Remember in November when Goldman Sachs said it was “closing” its recommendations for oil trades? That didn’t last long.
Goldman’s prediction team is back, calling for a 4 part bull run in oil prices over the next 2 years. By December we’ll have $85 barrels of oil. By the end of 2010 it will be $95.
To prevent a run, developed countries need to cut their oil consumption. Developing countries will thirst for the crude. If the demand in developed countries doesn’t fall to offset the thirst, then an energy crisis will present itself.
Goldman doesn’t think we’ve exhausted our supply of oil in the ground. It thinks the problems with pulling crude are political. Regulatory issues, fear of touching natural resources, and decaying infrastructure, all contribute to the crunched oil supply.
Here’s Goldman’s vision (via FT’s Energy Source):
The price we now see is the right price for oil. It was temporarily knocked off its axis by the credit crunch and the global economic panic.
As the economy stablizes, and OPEC maintains lower production, oil prices will rise in the second half of 09, closing the year at $85. Goldman is also calling a bottom on the fall in demand. It thinks demand for oil will pick back up in the next few months.
“A structural bull market” takes over. Rising prices increases investment from non-OPEC sources. OPEC’s spare capacity comes on the market, as OPEC increases production “buying the market some time and helping build an inventory cushion that the market will eventually sorely need given Non-OPEC production declines.” The price of oil reaches $90 in the first half of 2010.
Energy shortage! Demand is back, the economy is rip roaring, and all our attention on the financial crisis, at the expense of the energy crisis, catches the world with its pants down. Oil hits $95 at the end of 2010.
For the past three years, the macroeconomic environment has been dominated by two recurring themes that have constrained economic growth: the financial crisis and the energy crisis. Although the financial crisis has been recognised, the energy crisis has not, as the deepening of the financial crisis did not allow oil prices to remain high enough for long enough to generate a solution to the energy problem, which has not gone away. Before last September, the macro economy simply shifted focus between each ongoing crisis: oil prices spike to $75/bbl, sub-prime crisis, spike to $100/bbl, the collapse of Bear Stearns, oil price spike to $150/bbl, and finally the collapse of Lehman brothers, with each event constraining growth in one way or another.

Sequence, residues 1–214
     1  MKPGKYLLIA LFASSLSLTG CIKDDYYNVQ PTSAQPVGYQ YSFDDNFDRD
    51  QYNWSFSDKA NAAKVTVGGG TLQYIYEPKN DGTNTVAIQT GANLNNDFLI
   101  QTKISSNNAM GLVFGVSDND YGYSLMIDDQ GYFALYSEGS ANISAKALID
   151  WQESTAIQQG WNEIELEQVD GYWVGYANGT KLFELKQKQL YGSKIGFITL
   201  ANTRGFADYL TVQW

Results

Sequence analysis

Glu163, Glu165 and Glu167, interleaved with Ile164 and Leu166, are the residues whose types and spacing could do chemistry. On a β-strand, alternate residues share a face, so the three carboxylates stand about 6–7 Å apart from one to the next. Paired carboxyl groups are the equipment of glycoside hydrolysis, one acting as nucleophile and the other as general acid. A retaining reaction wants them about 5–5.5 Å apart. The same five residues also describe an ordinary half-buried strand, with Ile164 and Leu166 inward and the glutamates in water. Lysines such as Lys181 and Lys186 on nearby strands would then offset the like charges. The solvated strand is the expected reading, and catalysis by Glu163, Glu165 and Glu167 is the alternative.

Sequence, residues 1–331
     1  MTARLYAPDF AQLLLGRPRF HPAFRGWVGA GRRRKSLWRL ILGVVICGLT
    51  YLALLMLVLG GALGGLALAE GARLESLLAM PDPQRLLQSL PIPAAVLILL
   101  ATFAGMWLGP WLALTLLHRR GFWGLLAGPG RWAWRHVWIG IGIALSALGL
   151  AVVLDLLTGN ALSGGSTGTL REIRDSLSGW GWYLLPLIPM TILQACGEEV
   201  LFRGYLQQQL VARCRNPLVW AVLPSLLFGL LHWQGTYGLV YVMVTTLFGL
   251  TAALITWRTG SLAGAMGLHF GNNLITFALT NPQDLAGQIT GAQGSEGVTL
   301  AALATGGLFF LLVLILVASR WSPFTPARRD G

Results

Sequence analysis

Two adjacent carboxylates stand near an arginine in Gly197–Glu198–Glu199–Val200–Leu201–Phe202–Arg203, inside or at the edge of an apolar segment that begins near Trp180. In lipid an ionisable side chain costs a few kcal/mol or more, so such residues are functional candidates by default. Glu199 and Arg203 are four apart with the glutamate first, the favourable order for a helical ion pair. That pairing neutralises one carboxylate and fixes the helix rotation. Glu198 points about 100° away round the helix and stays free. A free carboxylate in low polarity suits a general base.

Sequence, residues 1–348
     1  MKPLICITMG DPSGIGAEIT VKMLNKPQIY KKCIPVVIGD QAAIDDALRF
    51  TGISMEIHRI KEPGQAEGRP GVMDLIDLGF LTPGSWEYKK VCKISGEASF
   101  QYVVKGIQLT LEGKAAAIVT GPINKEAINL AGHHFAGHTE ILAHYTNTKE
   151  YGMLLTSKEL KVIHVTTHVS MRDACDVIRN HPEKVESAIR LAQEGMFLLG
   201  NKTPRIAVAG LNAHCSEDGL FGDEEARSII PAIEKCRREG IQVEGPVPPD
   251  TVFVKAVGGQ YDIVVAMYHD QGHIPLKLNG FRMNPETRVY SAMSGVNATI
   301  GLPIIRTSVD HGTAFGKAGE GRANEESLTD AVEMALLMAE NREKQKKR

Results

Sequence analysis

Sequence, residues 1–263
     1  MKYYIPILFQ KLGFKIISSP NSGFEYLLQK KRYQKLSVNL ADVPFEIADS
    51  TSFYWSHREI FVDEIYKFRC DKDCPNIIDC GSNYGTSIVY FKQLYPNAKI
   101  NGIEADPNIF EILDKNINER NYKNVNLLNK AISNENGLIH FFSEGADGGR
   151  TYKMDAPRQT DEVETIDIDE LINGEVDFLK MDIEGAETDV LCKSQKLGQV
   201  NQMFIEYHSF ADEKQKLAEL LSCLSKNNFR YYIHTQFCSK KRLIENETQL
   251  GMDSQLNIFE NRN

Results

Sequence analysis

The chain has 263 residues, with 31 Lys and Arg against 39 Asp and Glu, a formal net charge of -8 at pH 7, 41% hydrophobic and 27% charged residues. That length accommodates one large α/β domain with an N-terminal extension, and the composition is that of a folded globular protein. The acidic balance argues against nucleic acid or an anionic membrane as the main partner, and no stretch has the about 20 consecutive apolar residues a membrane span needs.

The reason why these became the two focal points is that they represented two extremely large global imbalances that needed to be resolved before strong global growth could comfortably resume. In the financials the imbalance was excessive debt and leverage and in energy it was the production capacity utilization rate which was near 100%. Note that even today during one of the worst global economic recessions since the 1930s, oil production capacity utilization is near 95%. Clearly, the market needed to deal with these imbalances, as not only did they constrain growth but each one exacerbated the other – higher oil prices exacerbated the savings glut which in turn fuelled more demand via leverage. By early last year, the two most favourite trades became long energy and short financials as the imbalances were so obvious.
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